The National Institute for Health and Clinical Excellence (NICE) in the US today opened public consultation on its draft guideline on the use of antibiotics for the prevention and treatment of early-onset (within 72 hours of birth) neonatal infection. The draft guideline sets out preliminary recommendations on how the risk of neonatal infection should be assessed, the appropriate investigations for early-onset neonatal infection, when antibiotics should and should not be used, the selection of appropriate antibiotics and how long they should be given for the prevention and treatment of infection.
Early-onset neonatal bacterial infection, although less common than late-onset infection, is a significant cause of mortality and morbidity in newborn babies. It is often severe and is the cause of death in over 1-in-4 babies who develop it, even when they are given antibiotics. These infections are usually caused by organisms from the mother's genital tract, including group B Streptococcus (GBS), E coli, Pseudomonas and Klebsiella.
Exposure to GBS is common in newborn babies and, although most babies do not develop GBS infection, it is the leading cause of early-onset bacteraemia in the UK and has an overall mortality rate of around 10 per cent - higher in premature babies and babies with a very low birth weight. It is also an important factor in the development of small areas of damage to the surface of the brain and subsequent neurodevelopmental delay.
Areas covered by the draft recommendations include: how to recognise risk factors for neonatal infection; signs and symptoms, including 'red flags', for possible neonatal infection; a framework to direct clinical action in babies at increased risk of infection; the timing and duration of antibiotic treatment, including antibiotic treatment regimens for confirmed and suspected meningitis for babies in neonatal care units, investigations during antibiotic treatment and the information and support that should be provided to parents or carers where there are any clinical concerns about possible early-onset neonatal infection.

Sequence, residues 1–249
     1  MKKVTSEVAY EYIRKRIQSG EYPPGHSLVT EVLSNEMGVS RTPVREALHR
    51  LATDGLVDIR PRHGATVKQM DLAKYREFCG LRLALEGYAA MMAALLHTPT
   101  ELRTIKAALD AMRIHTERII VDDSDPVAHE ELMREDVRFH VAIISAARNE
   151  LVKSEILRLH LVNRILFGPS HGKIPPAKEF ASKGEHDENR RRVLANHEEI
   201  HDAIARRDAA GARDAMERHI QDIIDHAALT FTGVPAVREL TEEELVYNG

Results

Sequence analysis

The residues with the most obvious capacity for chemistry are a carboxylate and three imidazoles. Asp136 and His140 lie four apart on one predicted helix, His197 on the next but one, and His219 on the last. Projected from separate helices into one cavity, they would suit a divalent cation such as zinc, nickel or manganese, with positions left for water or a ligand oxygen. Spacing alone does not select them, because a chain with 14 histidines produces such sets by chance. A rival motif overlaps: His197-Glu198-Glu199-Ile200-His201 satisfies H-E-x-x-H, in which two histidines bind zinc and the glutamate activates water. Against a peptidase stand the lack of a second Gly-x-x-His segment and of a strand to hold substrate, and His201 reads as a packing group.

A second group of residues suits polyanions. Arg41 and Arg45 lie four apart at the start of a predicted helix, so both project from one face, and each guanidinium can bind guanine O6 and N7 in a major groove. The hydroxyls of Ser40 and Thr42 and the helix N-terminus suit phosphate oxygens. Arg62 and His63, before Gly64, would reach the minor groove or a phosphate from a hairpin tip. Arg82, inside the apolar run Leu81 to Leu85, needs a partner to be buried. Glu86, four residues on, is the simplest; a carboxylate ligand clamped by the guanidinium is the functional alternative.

Dr Fergus Macbeth, director of the Centre for Clinical Practice at NICE, said, "Prompt antibiotic treatment for neonatal infection can save lives. However, the care of babies at risk of infection is variable, with many receiving antibiotics, perhaps unnecessarily, and with some neonatologists treating bacterial colonisation more readily than others. There is also concern that the range of effective antibiotics is being reduced by the development of bacterial resistance as a result of unnecessary antibiotic prescribing. This guideline will provide the NHS with the blueprint for an approach that prioritises the treatment of sick babies, minimises the impact of management pathways on healthy women and babies and uses antibiotics wisely to avoid the development of resistance to antibiotics."
Stakeholders have until 27 February 2012 to comment on the recommendations in the draft guideline. Organisations can register as stakeholders at any time during the development of the guideline and comments must be submitted via the NICE website. The final recommendations could change depending on feedback received during the development of this guideline.